Merchandise License Agreement – What you should know
The Merchandise License Agreemens represent an important independent form of exploitation in the entertainment industry. Not only in the field of music and film has the exploitation of merchandise articles gained enormous importance, but also in the field of video games and anime. Merchandise can refer to all conceivable articles and marketing forms. Merchandising offers an additional independent source of income and therefore goes beyond primary exploitation. As early as December 1994, a study on “Character Merchandising” by the WORLD INTELLECTUAL PROPERTY ORGANIZATION WIPO, stated that “Character Merchandising can be considered as one of the most modern means of increasing the appeal of goods or services to potential customers.” Broadly speaking, the term “character” covers both fictional humans (for example, Tarzan or James Bond) or non-humans (for example, Donald Duck or Bugs Bunny) and real persons (for example, famous personalities in the film or music business, sportsmen).
The Merchandising license agreement is a license agreement that does not require formalities under German law. In view of the complicated regulatory content and the fact that other legal systems have stricter formal requirements, merchandising agreements should always be concluded in writing.
The subject matter of merchandising license agreements can be rights of use to copyrights (rights to exploit photos, comic or anime characters, ancillary copyrights, rights to designs, to trademark and name rights, or rights to one’s own image – in short, anything that can be commercially exploited can be merchandised. Since the legal requirements and the rights involved can be different, a distinction must be made between the protective rights positions. In the case of fictional characters such as Donald Duck or James Bond, other
For the granting of the license rights, the licensor often receives a fixed advance payment that can be offset against subsequent licenses (guarantee). The royalties range from three to fifteen percent of the retailer’s selling price (Nordemann, vor 31ff RdNr. 423).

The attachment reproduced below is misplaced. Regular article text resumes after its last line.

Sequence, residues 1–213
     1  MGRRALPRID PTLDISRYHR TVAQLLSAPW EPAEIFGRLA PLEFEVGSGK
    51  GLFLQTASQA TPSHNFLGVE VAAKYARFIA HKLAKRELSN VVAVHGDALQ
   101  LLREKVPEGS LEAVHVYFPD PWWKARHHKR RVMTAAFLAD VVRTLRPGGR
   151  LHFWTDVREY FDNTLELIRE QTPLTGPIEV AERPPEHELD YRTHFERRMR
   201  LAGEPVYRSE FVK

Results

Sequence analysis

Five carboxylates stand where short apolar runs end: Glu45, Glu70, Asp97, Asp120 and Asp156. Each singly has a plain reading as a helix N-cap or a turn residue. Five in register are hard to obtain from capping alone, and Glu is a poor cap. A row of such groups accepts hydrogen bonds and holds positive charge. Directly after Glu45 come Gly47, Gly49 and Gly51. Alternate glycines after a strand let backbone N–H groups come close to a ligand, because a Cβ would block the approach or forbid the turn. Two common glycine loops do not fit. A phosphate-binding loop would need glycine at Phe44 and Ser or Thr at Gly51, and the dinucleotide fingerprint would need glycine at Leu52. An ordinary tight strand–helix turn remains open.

Merchandising contracts should contain the following provisions, among others
– Contracting party
– Preamble (this serves the interpretation of the contract)
– If contracts are written in English, they should be preceded by a list of definitions. This does not hurt with German language contracts either, but should be used cautiously.
– Merchandise object
– List of merchandise items (which goods are included in the merchandise)
– Contract area
– Scope of the granting of rights – The rights (trademarks, designs, etc.) should be described here.
– Duration of the granting of rights (contract term)/termination
– Sublicenses ?
– Granting of materials/files
– Regulations on property rights
– Obligation to produce
– License fees
– marketing plan
– Quality Assurance
– product liability
– product samples
– Sales efforts
– Naming of the licensor/proprietary rights notice
– Consequences of infringement by third parties
– Indemnification clauses
– Secrecy obligation
The attorneys of our law firm are regularly active in the field of license agreements and will be happy to assist you in drafting or reviewing your merchandising agreements.
Attorney at Law Kai Jüdemann
Specialist attorney for copyright and media law
Graphic template: Template: Boris Mikhailovich Kustodiev (1878-1927 – Merchant 1920)